Price: $2.495 million
If I were forced to pick a favorite from architect David Adler’s vast and decadent portfolio of country homes, it would probably be his red tile roof Italianate at Mayflower and Walden Roads in Lake Forest. This double-pronged Old World revival shatters the mold with its five-story observation tower. Medieval—and fairly terrifying—in appearance, the tower makes a lot of sense at this location. The nearly one-acre property is a half-mile from Lake Michigan and the tower inches over trees and neighboring mansions to bring the water into play.
The 1928 house has five bedrooms and five-and-half bathrooms and cobbles together 6,700 square feet of living space. The funny thing is, this wasn’t even the main house in the original scheme for Chicago banker Albert Hamill—it was a complex of garages, servants’ quarters, a “dog trot”, and a greenhouse/work shed. The main house, on Illinois Road, was built earlier by Howard Van Doren Shaw with Adler assisting. The tower was meant as Hamill’s plaything, with a top floor observatory (now a bedroom suite) and the Byzantine Room for the man of the house. But a section of the tower also slept the chauffeur.
“Byzantine” enters the equation via a wraparound mural with dramatic fiery scenes of antiquity. It is original to the space with hairline cracks to show for it. Sellers Eva and Craig Quackenbush elected to let a gradual degradation set in rather than apply a finicky restoration that would inevitably ring false. Compounding such aged opulence are iron lanterns, dark polished tile floors, and a concrete fireplace.
The Quackenbushes’ son lived in the tower’s top observatory level when they purchased the house in 1985. Prior to that, the efficiency had been rented to students of nearby Lake Forest College. Today, as a guest room that’s part of a restored, carpeted tower, there’s central air conditioning and easy access to the roof deck. In summer, the panorama is green with a fleck of blue. In winter, there are clear views of downtown Chicago 30 miles south.
“Hamill was a big fan of Italy,” says co-listing agent Ned Skae of Coldwell Banker. “And in Italy the guy with the tallest tower had the most money.”
Over the course of 29 years, countless improvements and alterations have been made by the owners. Two of the biggies were expansions to living space. In one case, a concrete wall was knocked down between former servants quarters to allow for a library, a secondary bedroom, and the second floor master suite. This also created a contiguous passageway from the tower through the north-south wing on both levels.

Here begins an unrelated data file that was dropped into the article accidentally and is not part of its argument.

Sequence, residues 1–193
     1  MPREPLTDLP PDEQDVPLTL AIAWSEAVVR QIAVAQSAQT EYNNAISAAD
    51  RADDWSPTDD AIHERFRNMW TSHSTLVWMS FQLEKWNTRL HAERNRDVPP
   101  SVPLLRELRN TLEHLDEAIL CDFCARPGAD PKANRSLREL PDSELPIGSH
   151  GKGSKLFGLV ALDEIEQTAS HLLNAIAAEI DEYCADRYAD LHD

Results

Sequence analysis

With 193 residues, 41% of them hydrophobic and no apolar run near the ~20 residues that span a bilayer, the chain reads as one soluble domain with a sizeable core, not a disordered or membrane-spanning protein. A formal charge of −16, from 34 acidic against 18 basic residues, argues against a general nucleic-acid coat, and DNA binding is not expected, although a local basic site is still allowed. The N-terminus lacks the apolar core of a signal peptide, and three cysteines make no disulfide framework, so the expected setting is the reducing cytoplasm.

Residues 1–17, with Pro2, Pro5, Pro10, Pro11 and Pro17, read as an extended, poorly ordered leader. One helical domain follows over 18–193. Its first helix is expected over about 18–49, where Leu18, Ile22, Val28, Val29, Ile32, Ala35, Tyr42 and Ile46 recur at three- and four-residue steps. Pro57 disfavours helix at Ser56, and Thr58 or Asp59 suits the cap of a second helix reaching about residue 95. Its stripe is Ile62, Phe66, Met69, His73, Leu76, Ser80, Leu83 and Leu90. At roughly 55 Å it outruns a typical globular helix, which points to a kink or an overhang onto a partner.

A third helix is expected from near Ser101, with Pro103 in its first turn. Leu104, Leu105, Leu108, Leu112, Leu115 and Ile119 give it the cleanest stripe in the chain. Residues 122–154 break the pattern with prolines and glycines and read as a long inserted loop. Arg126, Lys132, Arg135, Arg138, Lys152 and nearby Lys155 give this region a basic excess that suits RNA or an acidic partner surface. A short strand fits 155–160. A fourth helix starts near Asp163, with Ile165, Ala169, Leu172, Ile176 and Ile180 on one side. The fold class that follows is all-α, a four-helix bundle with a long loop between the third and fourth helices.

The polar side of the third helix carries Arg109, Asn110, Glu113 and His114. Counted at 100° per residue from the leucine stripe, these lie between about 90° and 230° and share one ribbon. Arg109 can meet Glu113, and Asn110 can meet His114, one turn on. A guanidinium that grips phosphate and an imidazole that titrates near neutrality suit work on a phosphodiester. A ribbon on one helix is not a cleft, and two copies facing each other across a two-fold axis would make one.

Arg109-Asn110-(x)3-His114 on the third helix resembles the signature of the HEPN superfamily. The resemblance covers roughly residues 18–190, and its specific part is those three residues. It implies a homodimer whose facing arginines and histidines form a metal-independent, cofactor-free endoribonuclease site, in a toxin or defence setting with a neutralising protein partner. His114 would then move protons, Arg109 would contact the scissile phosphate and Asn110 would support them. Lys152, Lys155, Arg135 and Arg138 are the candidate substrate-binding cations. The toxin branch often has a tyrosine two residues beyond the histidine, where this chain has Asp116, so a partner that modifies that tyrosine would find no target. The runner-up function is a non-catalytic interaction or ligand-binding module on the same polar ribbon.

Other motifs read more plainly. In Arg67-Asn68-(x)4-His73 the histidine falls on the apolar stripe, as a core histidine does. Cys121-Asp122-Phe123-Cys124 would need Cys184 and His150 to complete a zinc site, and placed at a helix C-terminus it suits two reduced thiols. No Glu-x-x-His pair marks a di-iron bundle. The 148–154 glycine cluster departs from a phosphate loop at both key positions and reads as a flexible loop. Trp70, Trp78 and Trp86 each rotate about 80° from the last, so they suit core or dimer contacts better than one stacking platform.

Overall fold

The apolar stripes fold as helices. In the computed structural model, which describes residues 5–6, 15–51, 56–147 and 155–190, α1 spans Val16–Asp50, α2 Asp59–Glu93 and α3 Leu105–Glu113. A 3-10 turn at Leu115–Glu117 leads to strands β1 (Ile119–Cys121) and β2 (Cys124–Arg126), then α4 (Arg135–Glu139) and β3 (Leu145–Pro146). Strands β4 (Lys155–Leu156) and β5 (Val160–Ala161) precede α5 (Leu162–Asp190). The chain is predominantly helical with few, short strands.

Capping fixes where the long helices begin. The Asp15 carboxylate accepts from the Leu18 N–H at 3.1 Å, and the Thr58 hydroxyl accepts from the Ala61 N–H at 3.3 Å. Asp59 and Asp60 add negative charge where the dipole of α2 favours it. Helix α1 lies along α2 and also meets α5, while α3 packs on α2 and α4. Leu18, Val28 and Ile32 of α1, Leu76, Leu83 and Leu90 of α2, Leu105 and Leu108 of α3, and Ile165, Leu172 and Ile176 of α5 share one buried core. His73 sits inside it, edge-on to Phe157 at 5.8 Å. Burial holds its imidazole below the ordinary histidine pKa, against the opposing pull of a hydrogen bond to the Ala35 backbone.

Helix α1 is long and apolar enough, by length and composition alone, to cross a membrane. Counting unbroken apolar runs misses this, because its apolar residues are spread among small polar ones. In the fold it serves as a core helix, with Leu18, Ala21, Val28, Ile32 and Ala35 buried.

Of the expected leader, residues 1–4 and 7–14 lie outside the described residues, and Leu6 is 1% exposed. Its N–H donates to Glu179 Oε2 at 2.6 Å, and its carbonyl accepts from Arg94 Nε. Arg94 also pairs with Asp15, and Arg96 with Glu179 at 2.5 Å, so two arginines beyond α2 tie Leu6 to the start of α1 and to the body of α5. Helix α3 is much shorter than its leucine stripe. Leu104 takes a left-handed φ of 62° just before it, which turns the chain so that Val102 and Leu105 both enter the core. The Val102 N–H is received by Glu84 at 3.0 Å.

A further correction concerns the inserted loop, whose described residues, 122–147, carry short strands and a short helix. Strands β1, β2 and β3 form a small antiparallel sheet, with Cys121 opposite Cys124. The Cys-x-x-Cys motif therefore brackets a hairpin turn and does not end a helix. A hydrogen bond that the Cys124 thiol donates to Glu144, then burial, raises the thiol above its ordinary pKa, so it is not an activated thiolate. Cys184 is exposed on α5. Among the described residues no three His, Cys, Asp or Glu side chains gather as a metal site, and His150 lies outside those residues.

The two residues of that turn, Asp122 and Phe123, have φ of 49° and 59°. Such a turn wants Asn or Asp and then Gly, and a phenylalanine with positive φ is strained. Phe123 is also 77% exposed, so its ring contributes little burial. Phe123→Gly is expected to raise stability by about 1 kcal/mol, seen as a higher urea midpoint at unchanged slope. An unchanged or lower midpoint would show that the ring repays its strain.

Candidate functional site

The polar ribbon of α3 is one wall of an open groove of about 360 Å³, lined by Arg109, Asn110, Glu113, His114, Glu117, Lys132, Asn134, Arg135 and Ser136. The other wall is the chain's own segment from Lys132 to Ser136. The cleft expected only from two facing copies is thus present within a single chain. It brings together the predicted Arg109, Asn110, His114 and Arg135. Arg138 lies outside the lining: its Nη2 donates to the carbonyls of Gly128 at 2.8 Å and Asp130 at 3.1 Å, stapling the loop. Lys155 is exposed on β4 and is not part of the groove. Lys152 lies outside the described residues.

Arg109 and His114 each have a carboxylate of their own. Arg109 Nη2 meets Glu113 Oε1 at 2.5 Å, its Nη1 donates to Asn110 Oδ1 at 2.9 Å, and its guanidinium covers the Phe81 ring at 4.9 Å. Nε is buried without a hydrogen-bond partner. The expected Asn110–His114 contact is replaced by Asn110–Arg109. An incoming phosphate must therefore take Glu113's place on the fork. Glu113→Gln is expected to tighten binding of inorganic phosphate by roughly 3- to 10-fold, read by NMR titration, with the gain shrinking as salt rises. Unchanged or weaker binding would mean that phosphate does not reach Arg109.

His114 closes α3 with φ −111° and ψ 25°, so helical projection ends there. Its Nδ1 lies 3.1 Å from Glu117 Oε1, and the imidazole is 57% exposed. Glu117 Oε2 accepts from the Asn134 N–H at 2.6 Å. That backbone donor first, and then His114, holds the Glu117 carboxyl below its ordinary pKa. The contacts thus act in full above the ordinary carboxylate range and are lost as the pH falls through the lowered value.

The other major expansion came two years ago, with the conversion of a dilapidated greenhouse/work shed to a huge family room with pool table and fireplace. “It was a tough call whether to tear it down or build it up,” says Craig. “The windows and doors are all original and fully restored, and there are no more raccoons floating in the flooded cellar.” It’s a wine cellar now.
Other significant improvements include consolidating three kitchens, one on the second floor, into one delightful, refinished space. The Quackenbushes made two arched cuts into full doorways and tacked on an eat-in conservatory. And, while Adlerian sensibilities always conjure the grand European home with a twist, the sellers’ furnishings are, in many cases, actual European and Middle Eastern artifacts. The living and dining rooms host a 300-year-old sofa, two 400-year-old tables, and a 17th Century carved wood Afghani doorway.
For sleeping, any of the five bedrooms will do. They’re all large and most come with an en suite bathroom. The master is distinguished by the size of its bath and by an attached study/sewing room. The graciousness of the house’s other 13 rooms is plain as day.
The Quackenbushes have kept a home in Paris since 1995 and are moving there permanently. “Thirty years is a long time to be anywhere.”
Price Points: The property is back on the market for $2.495 million after listing for 16 months in 2010-2011. The pricing represents an attempt to bounce partway back from price cuts that saw the ask drop from $2.8 million to $2.295 million. Unique, high-priced homes often take a while to sell, even in an environment like Lake Forest where, at last count, there were 79 listings priced above $2 million.
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